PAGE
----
Alternative Alternative Medicine
angry doc is *shocked* by this letter published in the ST Forum today:
Bird's nest, the viable alternative
MY EFFORTS to educate and advise my friends to stop consuming shark's fin have been futile.
There are two main reasons for this:
Despite shark's fin being nothing more than collagen and is tasteless in itself, it is regarded as an expensive dish.
Hence, it is seen as important to include shark's fin in the menu for a proper banquet so as not to be appear stingy towards your guests.
Most standard Chinese banquet menus include an item of shark's fin.
As Mr Bernard Harrison noted, 'Save the sharks, forgo that bowl of fin soup' (ST, Dec 6), it comprises 40 per cent of the cost of the meal. Most restaurants also do not offer viable alternatives.
In fact, I was unable to take the shark's fin option out of my own wedding dinner because my family believed that shark's fin was expected and there would be a 'loss of face' not to serve it.
If we are to start consuming less shark's fin, then the Restaurant Association of Singapore and the Singapore Chefs Association must take the lead by offering environmentally friendly alternatives in their menus that are comparable to shark's fin in terms of prestige and perceived value.
I attended a wedding at the Regent Hotel recently, and the menu included bird's nest instead of shark's fin which was a welcome surprise to me.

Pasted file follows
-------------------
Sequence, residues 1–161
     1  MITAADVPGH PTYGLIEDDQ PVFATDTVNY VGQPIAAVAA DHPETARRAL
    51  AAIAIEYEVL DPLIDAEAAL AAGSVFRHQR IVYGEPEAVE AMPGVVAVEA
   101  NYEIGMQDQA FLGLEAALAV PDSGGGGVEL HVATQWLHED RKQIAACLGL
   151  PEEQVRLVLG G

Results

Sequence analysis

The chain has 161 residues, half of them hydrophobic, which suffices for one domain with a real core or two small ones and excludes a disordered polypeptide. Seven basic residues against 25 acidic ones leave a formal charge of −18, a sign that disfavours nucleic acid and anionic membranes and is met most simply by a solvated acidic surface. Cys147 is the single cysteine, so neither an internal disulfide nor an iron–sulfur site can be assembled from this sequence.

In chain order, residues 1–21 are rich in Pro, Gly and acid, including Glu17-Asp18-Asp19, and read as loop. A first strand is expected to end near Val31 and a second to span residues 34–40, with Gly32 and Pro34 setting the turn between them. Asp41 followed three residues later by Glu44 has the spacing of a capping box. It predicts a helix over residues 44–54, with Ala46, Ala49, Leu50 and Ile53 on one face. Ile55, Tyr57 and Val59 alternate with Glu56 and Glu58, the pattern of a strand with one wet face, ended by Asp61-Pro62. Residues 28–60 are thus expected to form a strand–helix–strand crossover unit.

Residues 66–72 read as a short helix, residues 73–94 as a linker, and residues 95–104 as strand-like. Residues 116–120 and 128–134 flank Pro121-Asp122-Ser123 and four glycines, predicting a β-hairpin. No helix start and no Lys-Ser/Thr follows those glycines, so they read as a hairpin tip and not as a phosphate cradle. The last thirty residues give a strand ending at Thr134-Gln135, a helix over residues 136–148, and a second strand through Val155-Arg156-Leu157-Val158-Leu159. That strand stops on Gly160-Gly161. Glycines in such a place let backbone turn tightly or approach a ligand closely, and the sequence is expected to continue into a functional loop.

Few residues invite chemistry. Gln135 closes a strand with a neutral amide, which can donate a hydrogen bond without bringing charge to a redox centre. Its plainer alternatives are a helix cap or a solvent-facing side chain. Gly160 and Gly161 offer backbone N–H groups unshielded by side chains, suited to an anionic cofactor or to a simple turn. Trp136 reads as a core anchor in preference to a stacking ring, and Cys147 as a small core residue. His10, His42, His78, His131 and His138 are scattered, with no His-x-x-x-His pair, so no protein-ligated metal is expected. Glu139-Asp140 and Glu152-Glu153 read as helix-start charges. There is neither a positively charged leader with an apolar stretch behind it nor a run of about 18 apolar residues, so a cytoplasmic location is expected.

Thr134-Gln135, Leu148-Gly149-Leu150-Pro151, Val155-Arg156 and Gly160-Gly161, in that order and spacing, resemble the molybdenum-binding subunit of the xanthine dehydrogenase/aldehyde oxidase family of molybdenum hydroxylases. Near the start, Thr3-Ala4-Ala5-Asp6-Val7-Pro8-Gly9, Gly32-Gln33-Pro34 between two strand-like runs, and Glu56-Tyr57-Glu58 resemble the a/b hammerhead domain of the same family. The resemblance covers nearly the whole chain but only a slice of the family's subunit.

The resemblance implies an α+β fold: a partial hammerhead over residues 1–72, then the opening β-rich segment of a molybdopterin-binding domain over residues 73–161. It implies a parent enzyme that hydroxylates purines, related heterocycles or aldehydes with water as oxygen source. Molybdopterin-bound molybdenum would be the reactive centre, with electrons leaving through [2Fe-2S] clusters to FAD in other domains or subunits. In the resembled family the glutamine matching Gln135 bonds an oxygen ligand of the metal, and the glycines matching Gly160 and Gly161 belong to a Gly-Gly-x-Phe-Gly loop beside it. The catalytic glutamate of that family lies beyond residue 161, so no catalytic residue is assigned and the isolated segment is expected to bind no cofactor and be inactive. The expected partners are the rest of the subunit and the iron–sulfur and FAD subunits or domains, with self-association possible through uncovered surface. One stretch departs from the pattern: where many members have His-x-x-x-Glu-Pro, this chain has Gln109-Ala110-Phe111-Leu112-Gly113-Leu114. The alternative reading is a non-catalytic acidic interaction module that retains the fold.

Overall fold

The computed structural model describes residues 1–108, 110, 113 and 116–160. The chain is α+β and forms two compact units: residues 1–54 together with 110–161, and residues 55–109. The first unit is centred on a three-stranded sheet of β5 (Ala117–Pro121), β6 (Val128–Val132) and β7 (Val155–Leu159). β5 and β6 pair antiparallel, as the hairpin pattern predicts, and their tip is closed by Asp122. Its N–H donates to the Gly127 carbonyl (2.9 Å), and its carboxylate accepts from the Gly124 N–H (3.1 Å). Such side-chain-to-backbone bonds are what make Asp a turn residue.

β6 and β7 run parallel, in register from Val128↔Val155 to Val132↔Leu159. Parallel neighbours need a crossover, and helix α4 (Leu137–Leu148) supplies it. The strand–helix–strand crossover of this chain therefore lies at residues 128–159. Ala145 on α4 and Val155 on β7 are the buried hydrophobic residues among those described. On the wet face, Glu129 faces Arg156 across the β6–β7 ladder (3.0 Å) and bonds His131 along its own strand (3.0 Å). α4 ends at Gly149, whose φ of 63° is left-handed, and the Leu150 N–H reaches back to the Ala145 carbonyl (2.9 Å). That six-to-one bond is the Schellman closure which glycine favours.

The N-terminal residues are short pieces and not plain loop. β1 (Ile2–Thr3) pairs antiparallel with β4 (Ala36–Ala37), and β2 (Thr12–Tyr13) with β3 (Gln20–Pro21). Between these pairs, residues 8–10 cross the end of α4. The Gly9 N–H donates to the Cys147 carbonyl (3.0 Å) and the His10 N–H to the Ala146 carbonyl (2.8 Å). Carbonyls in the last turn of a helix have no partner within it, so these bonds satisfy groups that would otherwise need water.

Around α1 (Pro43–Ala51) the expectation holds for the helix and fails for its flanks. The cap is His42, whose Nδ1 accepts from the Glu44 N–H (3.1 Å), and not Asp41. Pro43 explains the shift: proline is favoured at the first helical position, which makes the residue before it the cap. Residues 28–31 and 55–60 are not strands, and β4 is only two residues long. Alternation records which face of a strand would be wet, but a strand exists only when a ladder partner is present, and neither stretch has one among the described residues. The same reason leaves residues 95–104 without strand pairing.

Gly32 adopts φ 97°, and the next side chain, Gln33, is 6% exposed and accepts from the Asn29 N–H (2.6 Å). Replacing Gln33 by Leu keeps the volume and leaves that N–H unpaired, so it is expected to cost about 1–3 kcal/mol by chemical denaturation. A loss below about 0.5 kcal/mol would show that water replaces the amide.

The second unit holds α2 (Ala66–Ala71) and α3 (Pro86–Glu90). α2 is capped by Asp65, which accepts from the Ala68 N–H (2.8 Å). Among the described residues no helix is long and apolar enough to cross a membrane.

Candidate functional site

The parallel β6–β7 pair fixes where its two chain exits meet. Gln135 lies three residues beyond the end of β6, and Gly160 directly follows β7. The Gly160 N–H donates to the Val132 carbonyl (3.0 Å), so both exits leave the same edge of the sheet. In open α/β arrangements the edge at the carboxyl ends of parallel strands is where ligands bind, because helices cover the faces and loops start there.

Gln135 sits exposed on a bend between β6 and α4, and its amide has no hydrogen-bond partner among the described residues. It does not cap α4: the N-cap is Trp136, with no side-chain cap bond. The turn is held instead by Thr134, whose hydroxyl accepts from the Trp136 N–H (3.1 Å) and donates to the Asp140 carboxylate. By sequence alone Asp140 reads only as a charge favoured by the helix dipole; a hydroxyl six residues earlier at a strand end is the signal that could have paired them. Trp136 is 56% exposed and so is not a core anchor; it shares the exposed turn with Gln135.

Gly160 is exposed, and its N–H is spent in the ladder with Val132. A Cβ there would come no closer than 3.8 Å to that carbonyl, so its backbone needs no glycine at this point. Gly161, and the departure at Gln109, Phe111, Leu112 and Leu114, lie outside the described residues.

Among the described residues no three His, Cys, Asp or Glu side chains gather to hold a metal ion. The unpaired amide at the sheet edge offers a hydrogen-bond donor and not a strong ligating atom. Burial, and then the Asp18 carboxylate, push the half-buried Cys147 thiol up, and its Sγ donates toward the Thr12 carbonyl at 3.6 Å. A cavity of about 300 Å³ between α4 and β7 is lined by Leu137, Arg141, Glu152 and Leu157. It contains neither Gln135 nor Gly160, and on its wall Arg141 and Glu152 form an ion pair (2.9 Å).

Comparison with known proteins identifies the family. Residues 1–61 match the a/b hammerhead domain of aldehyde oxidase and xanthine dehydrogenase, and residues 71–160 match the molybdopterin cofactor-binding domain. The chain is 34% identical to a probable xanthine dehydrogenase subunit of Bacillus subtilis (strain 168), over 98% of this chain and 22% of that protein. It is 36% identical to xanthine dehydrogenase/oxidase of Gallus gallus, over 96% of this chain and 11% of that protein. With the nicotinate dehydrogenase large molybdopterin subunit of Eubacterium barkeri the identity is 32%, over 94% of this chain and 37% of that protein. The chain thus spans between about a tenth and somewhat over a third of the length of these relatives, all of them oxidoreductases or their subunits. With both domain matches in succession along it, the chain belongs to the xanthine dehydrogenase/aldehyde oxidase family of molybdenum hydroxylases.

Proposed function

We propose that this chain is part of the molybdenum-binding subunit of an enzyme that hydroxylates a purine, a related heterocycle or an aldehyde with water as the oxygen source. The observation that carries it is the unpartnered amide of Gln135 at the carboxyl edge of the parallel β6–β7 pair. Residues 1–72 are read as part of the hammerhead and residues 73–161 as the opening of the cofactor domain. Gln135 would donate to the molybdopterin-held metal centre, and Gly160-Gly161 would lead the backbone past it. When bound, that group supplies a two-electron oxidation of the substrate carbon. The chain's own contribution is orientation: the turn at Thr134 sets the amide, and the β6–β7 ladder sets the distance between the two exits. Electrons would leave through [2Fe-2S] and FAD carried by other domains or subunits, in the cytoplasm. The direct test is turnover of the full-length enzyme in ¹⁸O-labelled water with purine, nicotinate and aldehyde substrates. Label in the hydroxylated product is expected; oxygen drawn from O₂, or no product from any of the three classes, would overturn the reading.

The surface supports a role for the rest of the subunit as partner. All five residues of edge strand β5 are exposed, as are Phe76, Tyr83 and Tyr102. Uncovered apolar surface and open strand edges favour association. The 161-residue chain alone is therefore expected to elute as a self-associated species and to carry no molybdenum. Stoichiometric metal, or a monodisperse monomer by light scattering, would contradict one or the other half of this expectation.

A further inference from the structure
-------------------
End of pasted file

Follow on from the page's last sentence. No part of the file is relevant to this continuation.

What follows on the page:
Bird's nest, I believe has greater nutritional value and no less valued than shark's fin.
Hopefully, the representative bodies of restaurants and chefs in Singapore can take the lead and create new dishes to replace shark's fin in banquets and make our small contribution to the conservation of the shark species.
I am sure, as we become more environmentally aware, we would welcome and endorse ethical choices in our menus.
Oscar Lee Shing Kian
Unfortunately, bird's nest comes from the nests of birds, and their harvesting contributes to decline to the swiftlet population, and the practice of 'farming' the birds in 'house nests' reduces the biodiversity of the birds.
As for the therapeutic value of the bird's nest themselves? Well, it seems that while 'there is a water-soluble glyco-protein in the nest which promotes cell division within the immune system... it is destroyed during the cleaning process. Therefore, the soup is actually of low nutritive value.' (source)
Ironically, while it is said to be good for the skin and to alleviate asthma, bird's nest soup has also been known to aggravate eczema and cause anaphylaxis in those who are allergic to it (so do a number of other foods, of course, but bird's nest was the 'most common food-allergen source' in that small study surveying a local population).
(All that is not to say that bird's nest soup is harmful to the general population, or that it cannot have any nutritive or therapeutic value at all; but in the absence of evidence, angry doc wonders if the occasional bowl at a wedding dinner is going to make much difference to one's health.)
Now angry doc is no Captain Planet nor fish- or bird-fancier, but he is nevertheless curious as to why someone would suggest replacing consumption of shark's fin with bird's nest as 'environmentally friendly', or why so many foods considered to be of therapeutic value in Traditional Chinese Medicine come from animals or animal products which are rare or hard to harvest.
(You can read more about the bird's nest trade here, and also about Singapore's role in the international trade in shark's fin and bird's nest here.)